With 2020 set to see the much-anticipated release of Super Meat Boy Forever, the return of Team Meat's monstrously tough twitch platform series, we've gathered the 2D platformers that'll have you tearing your hair out, when you're not grinning from ear to ear. Here are the brilliant, brutal titles you should check out now.
Towerfall is an action-platform game that sees you jumping around trying to avoid traps while killing enemies and other players with a single arrow. Every time you fire it, you have to go and retrieve it if you want to use it again, which can be incredibly difficult in itself, even without all the lethal hazards.
Levels wrap, so passing through one edge of the screen will transition you to the other side, a mechanic that can be both very useful and brutally efficient at ending your life when you leap away from one hazard and land face-first on another that you just didn’t see. Towerfall has a cutesy, retro aesthetic, but it’s a frantic, maddeningly hard little demon that has tested the structural integrity of many a controller since its release.
Cursed Castilla EX
Any game heavily inspired by Capcom’s legendary Super Ghouls ‘n’ Ghosts is going to be a punishing exercise and Cursed Castilla EX is as devilishly unforgiving as you’d expect. Originally a PC title that came to PS4 at the end of 2016, it casts you as a brave knight sent on a quest to a land of monsters and castles and dungeons and... actually, who cares? The point is that everything wants to kill you and most of it will succeed.
This is retro gameplay at its best, with clever level design and some great boss fights that will really push your skills and patience to their limits. As was the case with Capcom’s own medieval adventures, Cursed Castilla EX is not for the faint of heart.
Easily one of the hardest games released in the last few years, N++ is also one of the most meticulously designed and well-executed challenges available on any platform. As much a physics-based puzzle-game as it is a fast-paced platformer, N++ sees your ninja-in-training navigating deadly, sparsely decorated levels in which the goal is always simple: hit a button to open a door, and then reach the door to continue.
The difficulty comes from just how much there is to think about at any given time. Not only is your ninja such a slave to the laws of physics that you’ll need to perfectly plan every jump and dash, but the stages are filled with looping enemies, traps and obstacles that will often kill you with a single touch. As a result, you’ll spend as much time swearing and wondering why you like it so much as you will actually playing and improving your skills.
Running a fine line between challenging and outright cruel, Rain World looks like Ori & the Blind Forest filtered through Tim Burton’s brain. In it, you play as a weird, white, slug-like cat who must make it through increasingly deadly areas wherein everything wants to eat you. In between all the jumping, ducking and running (or slithering), you need to find safe places for the cat to hibernate and food to sustain it.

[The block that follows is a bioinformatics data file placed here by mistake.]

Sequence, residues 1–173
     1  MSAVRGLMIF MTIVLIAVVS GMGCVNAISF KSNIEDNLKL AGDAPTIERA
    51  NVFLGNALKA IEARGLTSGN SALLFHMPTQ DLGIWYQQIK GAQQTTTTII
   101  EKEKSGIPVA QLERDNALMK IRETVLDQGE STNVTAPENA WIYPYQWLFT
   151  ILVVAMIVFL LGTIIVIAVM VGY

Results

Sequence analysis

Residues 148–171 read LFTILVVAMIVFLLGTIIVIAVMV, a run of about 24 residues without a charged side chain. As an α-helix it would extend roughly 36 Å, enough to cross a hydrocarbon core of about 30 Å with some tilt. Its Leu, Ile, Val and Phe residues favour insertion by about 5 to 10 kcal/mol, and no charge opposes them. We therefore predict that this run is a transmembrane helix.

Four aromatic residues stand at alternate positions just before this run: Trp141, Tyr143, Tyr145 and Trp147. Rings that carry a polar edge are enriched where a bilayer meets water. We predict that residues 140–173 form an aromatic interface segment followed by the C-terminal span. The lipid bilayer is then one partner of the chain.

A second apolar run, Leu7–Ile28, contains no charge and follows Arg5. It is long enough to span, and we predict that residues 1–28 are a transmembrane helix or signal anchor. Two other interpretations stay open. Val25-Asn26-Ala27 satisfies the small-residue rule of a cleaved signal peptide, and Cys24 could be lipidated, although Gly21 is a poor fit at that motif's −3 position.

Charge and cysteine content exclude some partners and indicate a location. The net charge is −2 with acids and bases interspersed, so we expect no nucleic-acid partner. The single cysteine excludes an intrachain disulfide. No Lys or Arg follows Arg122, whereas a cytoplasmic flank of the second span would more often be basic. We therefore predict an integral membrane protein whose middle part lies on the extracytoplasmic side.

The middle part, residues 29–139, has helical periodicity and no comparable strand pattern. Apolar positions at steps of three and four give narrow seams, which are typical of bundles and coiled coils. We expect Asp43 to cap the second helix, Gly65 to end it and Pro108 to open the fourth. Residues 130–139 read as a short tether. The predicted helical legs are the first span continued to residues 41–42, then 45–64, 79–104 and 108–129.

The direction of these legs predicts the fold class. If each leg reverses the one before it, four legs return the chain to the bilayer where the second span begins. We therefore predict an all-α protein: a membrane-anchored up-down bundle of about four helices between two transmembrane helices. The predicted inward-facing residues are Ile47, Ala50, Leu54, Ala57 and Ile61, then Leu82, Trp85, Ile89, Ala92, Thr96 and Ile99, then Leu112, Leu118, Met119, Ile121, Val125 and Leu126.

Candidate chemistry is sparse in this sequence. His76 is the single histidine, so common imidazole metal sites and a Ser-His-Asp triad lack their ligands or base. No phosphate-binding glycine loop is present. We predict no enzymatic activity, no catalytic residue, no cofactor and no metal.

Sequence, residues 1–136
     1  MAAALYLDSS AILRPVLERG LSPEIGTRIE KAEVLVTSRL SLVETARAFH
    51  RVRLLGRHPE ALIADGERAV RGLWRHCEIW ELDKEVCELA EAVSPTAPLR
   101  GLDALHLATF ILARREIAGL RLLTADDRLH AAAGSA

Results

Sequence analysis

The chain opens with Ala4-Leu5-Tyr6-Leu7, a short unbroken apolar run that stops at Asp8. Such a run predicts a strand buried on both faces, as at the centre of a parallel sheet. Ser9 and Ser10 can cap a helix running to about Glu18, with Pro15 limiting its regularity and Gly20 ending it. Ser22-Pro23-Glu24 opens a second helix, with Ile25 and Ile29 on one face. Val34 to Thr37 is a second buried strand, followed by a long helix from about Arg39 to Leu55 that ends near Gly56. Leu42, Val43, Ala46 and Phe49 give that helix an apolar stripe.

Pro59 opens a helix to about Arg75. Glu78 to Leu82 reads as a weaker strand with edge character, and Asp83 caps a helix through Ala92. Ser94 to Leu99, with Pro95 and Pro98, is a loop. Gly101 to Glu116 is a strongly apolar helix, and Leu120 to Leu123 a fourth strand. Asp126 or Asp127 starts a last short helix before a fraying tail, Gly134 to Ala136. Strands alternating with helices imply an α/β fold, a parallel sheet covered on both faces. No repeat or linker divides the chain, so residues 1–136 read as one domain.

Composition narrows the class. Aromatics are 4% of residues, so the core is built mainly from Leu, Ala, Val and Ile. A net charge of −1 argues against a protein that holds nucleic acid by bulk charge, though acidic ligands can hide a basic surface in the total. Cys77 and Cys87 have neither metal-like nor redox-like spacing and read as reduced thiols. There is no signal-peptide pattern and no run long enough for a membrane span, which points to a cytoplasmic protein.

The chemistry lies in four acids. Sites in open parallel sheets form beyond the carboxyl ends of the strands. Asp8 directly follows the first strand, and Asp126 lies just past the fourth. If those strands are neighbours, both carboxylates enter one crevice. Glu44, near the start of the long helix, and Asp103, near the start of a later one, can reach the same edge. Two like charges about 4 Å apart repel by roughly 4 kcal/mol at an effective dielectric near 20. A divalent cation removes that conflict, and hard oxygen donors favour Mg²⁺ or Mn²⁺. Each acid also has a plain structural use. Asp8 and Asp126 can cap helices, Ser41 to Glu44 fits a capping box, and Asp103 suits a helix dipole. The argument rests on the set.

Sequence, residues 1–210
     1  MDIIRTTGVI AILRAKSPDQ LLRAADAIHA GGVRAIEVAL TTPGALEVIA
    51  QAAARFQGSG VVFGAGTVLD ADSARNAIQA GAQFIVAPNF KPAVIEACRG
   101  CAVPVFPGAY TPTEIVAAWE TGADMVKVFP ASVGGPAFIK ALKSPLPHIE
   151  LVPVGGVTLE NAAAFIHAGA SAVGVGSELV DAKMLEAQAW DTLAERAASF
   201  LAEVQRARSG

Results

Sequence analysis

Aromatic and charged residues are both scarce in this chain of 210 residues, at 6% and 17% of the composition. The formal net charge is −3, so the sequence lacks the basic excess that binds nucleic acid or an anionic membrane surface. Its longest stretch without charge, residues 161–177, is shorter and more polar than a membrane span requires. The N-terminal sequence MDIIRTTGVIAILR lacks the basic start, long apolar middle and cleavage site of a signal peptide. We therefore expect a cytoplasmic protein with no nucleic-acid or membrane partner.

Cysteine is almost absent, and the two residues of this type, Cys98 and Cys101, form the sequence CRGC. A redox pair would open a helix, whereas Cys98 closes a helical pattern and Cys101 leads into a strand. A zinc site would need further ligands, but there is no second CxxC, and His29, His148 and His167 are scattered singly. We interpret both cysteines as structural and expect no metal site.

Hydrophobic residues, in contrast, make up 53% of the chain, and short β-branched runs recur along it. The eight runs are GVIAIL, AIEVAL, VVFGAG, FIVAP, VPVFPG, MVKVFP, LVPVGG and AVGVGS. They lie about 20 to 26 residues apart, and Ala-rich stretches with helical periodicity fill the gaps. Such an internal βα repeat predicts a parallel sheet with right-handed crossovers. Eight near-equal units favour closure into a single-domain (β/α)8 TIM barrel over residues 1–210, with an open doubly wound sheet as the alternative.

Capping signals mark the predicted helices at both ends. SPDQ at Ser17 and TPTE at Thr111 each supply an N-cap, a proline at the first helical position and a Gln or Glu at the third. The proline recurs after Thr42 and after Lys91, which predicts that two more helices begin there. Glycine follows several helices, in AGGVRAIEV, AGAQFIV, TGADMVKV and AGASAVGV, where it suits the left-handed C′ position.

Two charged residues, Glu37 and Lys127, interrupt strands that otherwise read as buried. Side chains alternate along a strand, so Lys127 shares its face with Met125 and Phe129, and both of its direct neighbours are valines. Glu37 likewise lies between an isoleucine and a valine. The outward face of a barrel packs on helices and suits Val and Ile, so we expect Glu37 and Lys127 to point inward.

Death can come from anywhere, and it’s rarely sign-posted because enemy placement is a random thing. Insta-death and uphill difficulty would be fine, if not for the fact that save-points are sparse and failure will often see you replaying whole areas again. As you probably fluked through them the first time, this eventually becomes incredibly frustrating. But it’s beautiful, so if you’re anything like us, you’ll just keep going back.
Part platformer, part racing game, tinyBuild’s SpeedRunners is intended to be played with friends, but whether in a group or having a quick bash all by your lonesome, it’s a steep challenge.
A side-scrolling 'running man' game, SpeedRunners is all about timing, as you sprint from one side of the map and back again, sliding under or jumping over obstacles, hook-shotting across hazards and trying to stay ahead of the relentless blackness of the encroaching screen-edges. If you’re the runner at the back of the pack when the screen-bounds catch you, you’re eliminated. The fact it’s meant to be played with others means it’s always challenging, even if you reach the point where the AI are no longer a threat.
Although from the same team that developed Towerfall: Ascension, Celeste is a completely single-player experience with more emphasis on survival and exploration than frantic arrow-slinging. It looks no less hardcore than Towerfall, with the central character wall-clinging, air-dashing and bouncing ever upwards through tightly-designed levels filled with spikes, traps, collapsing floors and dash-boosters.
There aren’t many enemies on show, although there are sections where you’ll be chased by a an evil version of your characters, which looks pretty terrifying given the precision needed to master the unforgiving mechanics.
StudioMDHR’s side-scrolling bullet-hell platformer Cuphead could have come straight out of the 1930s. Ever since its initial reveal, its legend has been growing and growing, with screenshots and videos teasing us over and over again with its unique aesthetic and brutally-hard gameplay.
Make no mistake, as twee and child-friendly as this game may appear in certain images, it’s likely to be anything but, with the 'golden age' animation taking on incredibly sinister overtones during boss fights and the difficulty level dialled right up to hardcore.